by Rick Langenberg:
The Teller County Commissioners have issued a stern warning to experienced contractors who don’t follow the rules, deviate from approved plans and leave homeowners hanging.
Last week, in a court-like session, the commissioners doubled the sentence recommended by the county’s Board of Review and suspended the license of the Pueblo-based Colorado ResCon LLC , owned by Jack Dennison, for a year. This amounted to a much harsher penalty than what was originally proposed by Teller building officials, who originally just sought to merely issue a violation letter.
The commissioners’ verdict followed an appeal by Dennison, who noted that his company has received many awards by business and construction-related publications and associations. According to Dennison, the company is rated as the one of the top firms in the country for remodeling contractor work.
But serious issues apparently arose regarding a variety of work the company did for a Florissant couple, Lance and Darlene Baker, at 96 Apache Circle. The work dealt with a home improvement project aimed at assisting a former veteran to cope with his growing disabilities by making the property more handicap-accessible and to do needed enhancements. The project, amounting to more than $40,000 worth of work based on the record of a previous hearing, was sanctioned by the Veterans Administration (VA).
Colorado ResCon was cited for a spree of violations by the Teller County Board of Review, including departing from approved plans, not following county codes, failure to obtain permits and reckless actions, resulting in possible personal harm or economic damage to the homeowners. In what amounted to a serious tongue-lashing against the contractor, Teller commissioners Norm Steen and Dave Paul didn’t hold back. “You should have known better,” blasted Steen, in describing the extensive experience of Dennison in 14 municipalities in Colorado. He criticized Dennison for not monitoring the project and issuing inspections for deck, bathroom and other installations that he knew were going to fail. “They (the subcontractors) didn’t have proper supervision,” said Steen. In addition, he noted that some of the subcontractors were not licensed properly. And the fact that the co-property owner was a decorated veteran, who suffered from Agent Orange and received medals for his service in the Vietnam War, further punctuated the commission’s concerns over the reported dire straits condition of the construction project.
Paul also was quite dismayed by the reported construction mess and wasn’t impressed with Dennison’s explanations. “A person’s home is very important to them,” said Paul.
Commissioner Marc Dettenrieder, meanwhile, cast the sole dissenting tally. He had proposed keeping the same sentence as proposed by the Teller Board of Review. “Twelve months is excessive,” said Dettenrieder, who mainly stuck to the technical reports when analyzing the reported violations. The final sentence, though, is not a done deal. The contractor can appeal the decision before the Fourth Judicial District Court.
Also, the case could involve civil proceedings. According to the Teller County Board of Review proceedings, the homeowners and Dennison clashed on key aspects of the construction project done at the Florissant property.
A mini-court trial
The commission’s verdict followed strict rules, with the commissioners, the contractor and homeowners only permitted to discuss comments made during an earlier hearing before the Board of Review in early January. County Attorney Chris Brandt frequently interrupted various speakers, warning them to stick to the record.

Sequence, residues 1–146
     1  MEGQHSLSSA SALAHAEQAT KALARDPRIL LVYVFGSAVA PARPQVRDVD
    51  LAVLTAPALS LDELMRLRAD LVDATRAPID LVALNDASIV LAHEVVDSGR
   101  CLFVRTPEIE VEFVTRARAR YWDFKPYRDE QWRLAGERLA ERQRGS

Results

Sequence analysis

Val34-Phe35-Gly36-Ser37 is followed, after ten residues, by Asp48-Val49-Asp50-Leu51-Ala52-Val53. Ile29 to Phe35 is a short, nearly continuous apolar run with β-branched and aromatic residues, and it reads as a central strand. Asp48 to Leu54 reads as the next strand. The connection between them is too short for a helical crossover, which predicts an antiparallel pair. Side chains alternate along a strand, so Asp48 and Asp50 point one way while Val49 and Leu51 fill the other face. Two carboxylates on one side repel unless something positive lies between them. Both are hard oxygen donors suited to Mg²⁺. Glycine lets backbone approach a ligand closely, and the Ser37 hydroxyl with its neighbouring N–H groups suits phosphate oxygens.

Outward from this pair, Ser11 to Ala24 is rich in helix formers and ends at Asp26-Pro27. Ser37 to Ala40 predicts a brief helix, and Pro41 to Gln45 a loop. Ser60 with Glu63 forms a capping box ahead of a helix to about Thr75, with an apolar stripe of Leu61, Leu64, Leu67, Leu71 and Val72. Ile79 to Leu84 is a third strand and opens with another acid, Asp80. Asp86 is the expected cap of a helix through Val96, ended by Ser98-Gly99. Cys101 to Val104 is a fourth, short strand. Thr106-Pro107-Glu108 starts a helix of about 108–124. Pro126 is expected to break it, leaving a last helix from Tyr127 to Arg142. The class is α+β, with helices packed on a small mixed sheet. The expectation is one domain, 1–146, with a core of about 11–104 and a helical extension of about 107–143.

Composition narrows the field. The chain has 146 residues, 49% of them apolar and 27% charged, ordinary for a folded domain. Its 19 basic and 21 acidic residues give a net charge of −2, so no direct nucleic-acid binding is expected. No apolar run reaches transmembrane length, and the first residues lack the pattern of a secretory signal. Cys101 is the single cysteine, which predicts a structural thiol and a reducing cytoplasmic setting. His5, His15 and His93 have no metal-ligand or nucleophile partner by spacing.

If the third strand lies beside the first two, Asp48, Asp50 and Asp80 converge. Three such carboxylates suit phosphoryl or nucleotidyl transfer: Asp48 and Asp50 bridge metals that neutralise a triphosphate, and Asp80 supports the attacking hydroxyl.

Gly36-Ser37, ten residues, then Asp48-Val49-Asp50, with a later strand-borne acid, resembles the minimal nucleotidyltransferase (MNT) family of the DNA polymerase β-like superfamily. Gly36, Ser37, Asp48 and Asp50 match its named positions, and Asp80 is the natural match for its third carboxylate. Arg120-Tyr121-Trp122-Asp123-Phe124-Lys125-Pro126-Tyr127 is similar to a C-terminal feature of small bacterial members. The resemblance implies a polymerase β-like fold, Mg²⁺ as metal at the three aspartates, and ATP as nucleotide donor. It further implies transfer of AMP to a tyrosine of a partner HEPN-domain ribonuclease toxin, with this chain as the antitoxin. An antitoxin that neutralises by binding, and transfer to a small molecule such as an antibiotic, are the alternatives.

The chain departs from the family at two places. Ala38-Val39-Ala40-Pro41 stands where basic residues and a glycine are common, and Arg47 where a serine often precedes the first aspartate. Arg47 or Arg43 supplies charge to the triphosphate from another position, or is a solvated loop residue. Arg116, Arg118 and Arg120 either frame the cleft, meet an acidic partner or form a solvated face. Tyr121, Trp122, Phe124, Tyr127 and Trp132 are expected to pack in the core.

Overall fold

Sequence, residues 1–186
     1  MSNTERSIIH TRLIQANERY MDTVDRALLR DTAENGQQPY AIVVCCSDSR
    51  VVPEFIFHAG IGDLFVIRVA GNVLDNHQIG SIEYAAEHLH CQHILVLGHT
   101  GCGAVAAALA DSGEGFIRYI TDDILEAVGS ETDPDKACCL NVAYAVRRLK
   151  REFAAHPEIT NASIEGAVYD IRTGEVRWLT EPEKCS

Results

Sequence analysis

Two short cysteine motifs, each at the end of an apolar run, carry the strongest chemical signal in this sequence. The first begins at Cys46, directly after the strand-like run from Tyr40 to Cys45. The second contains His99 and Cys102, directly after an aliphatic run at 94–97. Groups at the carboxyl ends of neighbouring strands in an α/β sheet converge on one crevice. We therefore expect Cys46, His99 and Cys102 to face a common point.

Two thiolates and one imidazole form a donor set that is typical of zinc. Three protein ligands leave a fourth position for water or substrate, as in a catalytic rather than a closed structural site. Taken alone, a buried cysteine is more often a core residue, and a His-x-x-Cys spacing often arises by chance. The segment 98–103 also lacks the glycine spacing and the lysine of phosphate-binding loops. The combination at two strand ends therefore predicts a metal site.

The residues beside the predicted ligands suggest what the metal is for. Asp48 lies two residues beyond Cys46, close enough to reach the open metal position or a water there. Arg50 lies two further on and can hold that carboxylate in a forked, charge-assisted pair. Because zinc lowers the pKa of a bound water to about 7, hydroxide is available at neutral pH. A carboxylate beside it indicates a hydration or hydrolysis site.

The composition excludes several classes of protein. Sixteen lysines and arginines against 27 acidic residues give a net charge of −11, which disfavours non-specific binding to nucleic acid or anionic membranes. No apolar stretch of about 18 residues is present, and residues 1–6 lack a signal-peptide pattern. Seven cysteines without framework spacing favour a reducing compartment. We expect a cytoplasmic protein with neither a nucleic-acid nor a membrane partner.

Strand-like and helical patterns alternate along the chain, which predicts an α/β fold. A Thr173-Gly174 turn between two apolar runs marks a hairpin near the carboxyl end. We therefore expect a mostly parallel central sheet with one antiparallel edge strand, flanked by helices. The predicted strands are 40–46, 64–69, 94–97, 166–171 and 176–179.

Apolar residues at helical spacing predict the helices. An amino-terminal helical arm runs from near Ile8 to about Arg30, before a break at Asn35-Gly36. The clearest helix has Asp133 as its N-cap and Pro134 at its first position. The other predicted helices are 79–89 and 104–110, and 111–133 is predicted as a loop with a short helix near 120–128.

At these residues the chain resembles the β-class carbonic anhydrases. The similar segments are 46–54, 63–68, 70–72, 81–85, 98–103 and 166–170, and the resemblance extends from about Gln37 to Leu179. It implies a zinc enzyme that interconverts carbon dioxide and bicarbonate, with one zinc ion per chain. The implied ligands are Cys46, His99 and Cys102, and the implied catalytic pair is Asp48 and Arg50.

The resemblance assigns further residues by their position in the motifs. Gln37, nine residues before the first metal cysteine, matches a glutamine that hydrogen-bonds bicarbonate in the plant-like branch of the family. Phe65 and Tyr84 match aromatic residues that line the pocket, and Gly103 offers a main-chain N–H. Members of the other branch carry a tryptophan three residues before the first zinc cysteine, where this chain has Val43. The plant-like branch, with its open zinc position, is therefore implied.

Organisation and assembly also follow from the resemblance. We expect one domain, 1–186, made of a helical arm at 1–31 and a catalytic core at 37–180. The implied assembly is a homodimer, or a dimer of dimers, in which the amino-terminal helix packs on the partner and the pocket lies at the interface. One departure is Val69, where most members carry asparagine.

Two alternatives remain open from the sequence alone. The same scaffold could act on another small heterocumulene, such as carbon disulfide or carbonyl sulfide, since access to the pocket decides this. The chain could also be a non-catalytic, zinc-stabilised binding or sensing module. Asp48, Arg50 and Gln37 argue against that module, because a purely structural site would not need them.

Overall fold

Dennison made a detailed presentation and outlined his company’s impressive resume and noted that they are regarded as one of the top contractors in the Front Range for VA projects. As for problems with the Florissant project, he maintained that Darlene Baker was difficult to work with and terminated his company’s services with the added threat, ‘you are not allowed on my property. I will kill you.’
Dennison conceded that there were construction issues with the project, but he contended that they could be dealt with. “They could have been resolved if we were not abruptly removed from the project,” said Dennison. “None of this was hidden. These are normal things that happen at a job site… They (the issues of concern) would be cured in the normal course of construction.”
However, county building officials outlined serious problems with the contractor doing work without proper approvals, including demolition activity, and concluded that the project “was quite a mess.” According to documents submitted at last week’s hearing, the project failed many inspections.. During her testimony, Darlene Bake got quite emotional. “I just hate it when people lie,” blasted Baker. “There is no reason to do this to a veteran.”
According to Darlene Baker, the couple was displaced for five months during course of the project, residing in trailer during the planning and failed execution of the construction. She also differed with Dennison’s analysis of how things were resolved, contending that the contractor walked away from a project left in shambles. “He (Jack Dennison) withdrew from the project, we didn’t terminate him,” said Baker.
In his further defense, Dennison asked for an easier sentence than what was delivered to him during the board of review hearing a month and a half ago. He conceded that a lack of communications resulted in some electrical work that was done without the proper permits. But in their final deliberations, the commissioners displayed little sympathy towards Dennison and the Colorado ResCon company. The verdict, though, was somewhat unprecedented in that it posed a stiffer penalty from the sentence that the contractor was trying to appeal.
This marked the commissioners’ first official appeal hearing of a board of review action in several years.